The French national rail market remains closed to competition until 2012. The cooperation the two companies currently hold in managing routes between Paris and Germany, in which ICE trains run to Frankfurt and TGVs to Stuttgart, may be coming to an end. The fate of Railteam, the European rail alliance, is unclear. The broader profitability of the national companies is in question.
The immediate effect of the new competition on international routes from France and national routes in Germany (also planned in Italy by partially SNCF-owned NTV) is likely to be decreased fares on corridors where more than one operator provides rail services. Unlike the system in Japan, where six rail companies have monopolies on intercity rail services in the respective regions they serve, or that in the UK, where train operating companies hold franchises on specific routes, mainland European high-speed rail competition will mean more than one company competing on the same lines, similar to the way deregulated air service works.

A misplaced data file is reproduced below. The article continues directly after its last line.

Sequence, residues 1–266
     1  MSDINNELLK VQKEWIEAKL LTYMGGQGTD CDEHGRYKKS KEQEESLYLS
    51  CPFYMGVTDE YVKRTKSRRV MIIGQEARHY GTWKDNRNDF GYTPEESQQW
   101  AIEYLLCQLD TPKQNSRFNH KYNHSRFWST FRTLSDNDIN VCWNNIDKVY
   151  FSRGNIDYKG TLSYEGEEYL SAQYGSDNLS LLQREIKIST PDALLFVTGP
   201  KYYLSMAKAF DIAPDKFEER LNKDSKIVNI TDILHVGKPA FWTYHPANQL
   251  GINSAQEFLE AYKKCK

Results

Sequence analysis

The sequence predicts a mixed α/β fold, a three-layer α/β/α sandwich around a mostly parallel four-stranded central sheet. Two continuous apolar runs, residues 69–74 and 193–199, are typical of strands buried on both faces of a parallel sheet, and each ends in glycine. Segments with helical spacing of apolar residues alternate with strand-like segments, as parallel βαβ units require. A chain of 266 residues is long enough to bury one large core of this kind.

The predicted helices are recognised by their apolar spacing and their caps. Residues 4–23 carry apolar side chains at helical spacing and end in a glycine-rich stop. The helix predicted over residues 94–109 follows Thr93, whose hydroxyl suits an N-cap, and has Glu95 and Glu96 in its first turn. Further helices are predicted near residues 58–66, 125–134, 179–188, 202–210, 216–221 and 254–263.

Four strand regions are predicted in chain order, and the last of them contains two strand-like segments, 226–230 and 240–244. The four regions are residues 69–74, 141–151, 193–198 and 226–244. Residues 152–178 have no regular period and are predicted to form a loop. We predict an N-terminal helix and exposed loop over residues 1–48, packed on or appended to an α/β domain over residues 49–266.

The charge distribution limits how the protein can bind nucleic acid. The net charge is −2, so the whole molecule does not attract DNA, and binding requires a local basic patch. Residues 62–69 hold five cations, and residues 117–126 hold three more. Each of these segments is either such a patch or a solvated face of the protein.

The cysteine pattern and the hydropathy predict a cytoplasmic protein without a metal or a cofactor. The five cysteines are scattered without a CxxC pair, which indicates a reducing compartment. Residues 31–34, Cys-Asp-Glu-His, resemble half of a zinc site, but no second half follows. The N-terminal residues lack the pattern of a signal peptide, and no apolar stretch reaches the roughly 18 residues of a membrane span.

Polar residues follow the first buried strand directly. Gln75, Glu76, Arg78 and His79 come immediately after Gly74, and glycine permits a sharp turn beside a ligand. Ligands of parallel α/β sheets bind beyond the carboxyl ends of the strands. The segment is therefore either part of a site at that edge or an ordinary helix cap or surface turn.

Like with airlines, customers will acquire the ability to choose the cheapest fare from a series of options, especially on high-demand routes, something they currently lack because of national rail monopolies. Standard amenities will likely increase. In the short-term, these changes may seem good for the consumer.
But in the longer term, as argued by DB’s Mr. Homburg, competition could spell disaster for the European network, which is currently renowned for its high standards.